Researchers at the University of Lancaster have developed a smart material that can help those with affective disorders, such as anxiety, bi-polar disorder and depression, to monitor their emotions. The smart material, worn as a wrist band, can alert the user to a change in emotion in real time, sometimes even if they have not become fully aware of it themselves, helping them to identify issues and situations that affect their emotions.

Keeping track of your emotions can be a secondary consideration in today’s busy world. However, for those with affective disorders, identifying situations, habits, and environments that are affecting their emotional state could be beneficial in improving their condition. Indeed, noting triggers that contribute to stress and unhappiness could be hugely beneficial for everyone.

These
researchers have developed a range of wearable smart materials that can indicate
changes in emotional arousal through a sensor which measures the electrical
conductivity of skin. This property, called the galvanic skin response, can
provide information about changes in someone’s emotional state, in real-time.

The
wearable prototypes can be worn as a wrist band, and can inform the wearer about
their emotional state in a variety of ways. “Previous work on these
technologies has focused on graphs and abstract visualizations of biosignals,
on traditions mobile and desktop interfaces,” said Muhammad Umair, a researcher
involved in the work. “But we have focused on devices that are wearable and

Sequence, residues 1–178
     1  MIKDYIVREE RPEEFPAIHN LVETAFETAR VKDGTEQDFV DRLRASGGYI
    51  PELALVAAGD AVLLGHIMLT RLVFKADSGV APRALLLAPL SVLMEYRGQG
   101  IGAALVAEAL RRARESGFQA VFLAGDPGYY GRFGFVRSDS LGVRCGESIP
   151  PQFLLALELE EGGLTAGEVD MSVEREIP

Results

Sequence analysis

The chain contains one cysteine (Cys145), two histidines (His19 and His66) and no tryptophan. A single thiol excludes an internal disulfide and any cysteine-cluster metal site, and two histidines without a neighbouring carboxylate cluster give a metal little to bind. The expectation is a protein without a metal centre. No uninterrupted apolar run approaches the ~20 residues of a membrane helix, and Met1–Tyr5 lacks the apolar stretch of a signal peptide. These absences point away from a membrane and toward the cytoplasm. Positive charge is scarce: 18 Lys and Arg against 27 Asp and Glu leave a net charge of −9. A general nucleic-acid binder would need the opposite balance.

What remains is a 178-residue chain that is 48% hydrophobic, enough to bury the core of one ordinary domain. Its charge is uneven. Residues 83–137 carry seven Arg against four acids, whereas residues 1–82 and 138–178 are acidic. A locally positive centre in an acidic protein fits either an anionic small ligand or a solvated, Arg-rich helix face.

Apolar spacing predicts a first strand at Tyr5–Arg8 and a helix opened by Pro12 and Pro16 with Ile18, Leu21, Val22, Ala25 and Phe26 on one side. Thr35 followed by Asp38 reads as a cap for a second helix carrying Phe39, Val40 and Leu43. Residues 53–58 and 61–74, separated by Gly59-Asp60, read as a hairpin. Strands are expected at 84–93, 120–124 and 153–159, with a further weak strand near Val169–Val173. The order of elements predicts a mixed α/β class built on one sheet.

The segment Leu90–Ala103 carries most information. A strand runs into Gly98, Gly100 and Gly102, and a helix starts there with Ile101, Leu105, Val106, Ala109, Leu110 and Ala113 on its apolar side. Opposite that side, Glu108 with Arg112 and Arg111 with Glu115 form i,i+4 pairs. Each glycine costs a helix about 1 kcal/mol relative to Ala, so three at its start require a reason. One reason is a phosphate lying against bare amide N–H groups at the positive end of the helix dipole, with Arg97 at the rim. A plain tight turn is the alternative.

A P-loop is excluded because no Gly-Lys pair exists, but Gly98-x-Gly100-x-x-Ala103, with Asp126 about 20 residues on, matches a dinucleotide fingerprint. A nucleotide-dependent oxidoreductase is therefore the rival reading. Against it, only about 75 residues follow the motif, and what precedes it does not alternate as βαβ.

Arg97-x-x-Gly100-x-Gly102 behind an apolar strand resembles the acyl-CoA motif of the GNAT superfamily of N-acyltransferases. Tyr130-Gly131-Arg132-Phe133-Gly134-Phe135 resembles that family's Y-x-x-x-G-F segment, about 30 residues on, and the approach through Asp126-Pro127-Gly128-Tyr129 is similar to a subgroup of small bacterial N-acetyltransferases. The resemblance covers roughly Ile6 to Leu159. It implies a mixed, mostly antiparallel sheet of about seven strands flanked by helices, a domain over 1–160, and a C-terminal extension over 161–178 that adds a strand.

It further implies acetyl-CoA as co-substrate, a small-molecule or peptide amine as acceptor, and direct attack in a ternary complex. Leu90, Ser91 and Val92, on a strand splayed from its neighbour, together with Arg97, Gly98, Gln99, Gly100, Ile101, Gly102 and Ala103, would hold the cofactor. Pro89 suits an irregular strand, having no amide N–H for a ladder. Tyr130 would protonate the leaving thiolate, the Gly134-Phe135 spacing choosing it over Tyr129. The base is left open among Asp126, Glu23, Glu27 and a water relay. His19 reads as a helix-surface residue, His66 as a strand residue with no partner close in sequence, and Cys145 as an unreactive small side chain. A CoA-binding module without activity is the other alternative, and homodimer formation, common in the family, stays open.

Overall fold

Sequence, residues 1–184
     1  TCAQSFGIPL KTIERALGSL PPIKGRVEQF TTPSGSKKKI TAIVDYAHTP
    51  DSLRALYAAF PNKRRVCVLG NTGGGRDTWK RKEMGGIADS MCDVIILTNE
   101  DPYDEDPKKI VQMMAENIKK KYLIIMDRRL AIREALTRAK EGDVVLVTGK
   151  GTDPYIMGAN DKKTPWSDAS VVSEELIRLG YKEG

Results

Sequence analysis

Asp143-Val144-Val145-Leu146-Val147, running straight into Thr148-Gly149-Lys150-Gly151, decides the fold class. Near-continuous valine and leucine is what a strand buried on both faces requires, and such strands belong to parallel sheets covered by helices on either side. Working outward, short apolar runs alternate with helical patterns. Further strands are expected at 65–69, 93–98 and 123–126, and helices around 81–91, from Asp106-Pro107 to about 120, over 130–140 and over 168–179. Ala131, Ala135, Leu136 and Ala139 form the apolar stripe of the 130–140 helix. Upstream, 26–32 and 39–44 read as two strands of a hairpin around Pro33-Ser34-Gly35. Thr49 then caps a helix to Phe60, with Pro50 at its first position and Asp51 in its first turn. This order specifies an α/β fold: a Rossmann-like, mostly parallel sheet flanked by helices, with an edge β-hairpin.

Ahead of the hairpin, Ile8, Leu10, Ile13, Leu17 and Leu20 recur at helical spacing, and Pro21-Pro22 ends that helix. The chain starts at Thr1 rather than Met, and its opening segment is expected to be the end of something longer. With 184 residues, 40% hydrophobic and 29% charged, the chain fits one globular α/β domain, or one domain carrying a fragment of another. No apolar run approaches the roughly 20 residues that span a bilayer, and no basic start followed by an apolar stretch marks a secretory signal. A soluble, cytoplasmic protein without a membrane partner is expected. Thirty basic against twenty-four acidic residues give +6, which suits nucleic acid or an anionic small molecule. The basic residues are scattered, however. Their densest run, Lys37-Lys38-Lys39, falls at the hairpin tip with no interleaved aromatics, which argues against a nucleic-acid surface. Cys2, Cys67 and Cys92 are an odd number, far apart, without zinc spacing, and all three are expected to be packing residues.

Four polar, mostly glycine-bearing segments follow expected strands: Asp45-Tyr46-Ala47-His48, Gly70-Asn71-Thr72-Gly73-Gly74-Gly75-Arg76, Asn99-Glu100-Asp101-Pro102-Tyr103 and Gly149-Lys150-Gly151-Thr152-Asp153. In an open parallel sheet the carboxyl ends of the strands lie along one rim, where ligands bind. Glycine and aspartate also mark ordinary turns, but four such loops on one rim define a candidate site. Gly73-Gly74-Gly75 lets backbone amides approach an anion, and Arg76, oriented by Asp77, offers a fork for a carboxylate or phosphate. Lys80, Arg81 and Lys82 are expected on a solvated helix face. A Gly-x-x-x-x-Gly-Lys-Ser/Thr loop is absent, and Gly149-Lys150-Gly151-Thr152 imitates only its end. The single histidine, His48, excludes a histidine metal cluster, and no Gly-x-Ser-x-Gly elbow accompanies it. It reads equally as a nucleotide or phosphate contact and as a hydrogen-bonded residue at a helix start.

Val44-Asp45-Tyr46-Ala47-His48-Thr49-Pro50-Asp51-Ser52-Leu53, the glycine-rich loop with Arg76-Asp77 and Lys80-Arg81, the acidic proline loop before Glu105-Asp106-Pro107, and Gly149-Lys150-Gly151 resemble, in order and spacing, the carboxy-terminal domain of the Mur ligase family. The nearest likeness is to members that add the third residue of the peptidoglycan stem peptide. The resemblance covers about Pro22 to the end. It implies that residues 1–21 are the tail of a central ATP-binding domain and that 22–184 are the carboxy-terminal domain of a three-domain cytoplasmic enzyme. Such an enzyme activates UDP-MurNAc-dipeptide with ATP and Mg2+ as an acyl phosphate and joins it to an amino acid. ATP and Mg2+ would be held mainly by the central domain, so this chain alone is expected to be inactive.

provide not only visual signals but also can be felt through vibration, a
tightening feeling or heat sensation without the need to access other
programmes – as a result we believe the prototype devices provide real-time
rather than historic data.”

So far, the Lancaster team tested the devices in volunteers who wore them for 8–16 hours, and reported different instances when they were activated by an emotional response throughout the day. “Participants started to pay attention to their in-the-moment emotional responses, realizing that their moods had changed quickly and understanding what it was that was causing the device to activate,” said Umair. “One of the most striking findings was that the devices helped participants start to identify emotional responses which they had been unable to beforehand, even after only two days.”

The
research was presented at the ACM
Designing Interactive Systems 2019 Conference in San Diego

Via: The
University of Lancaster



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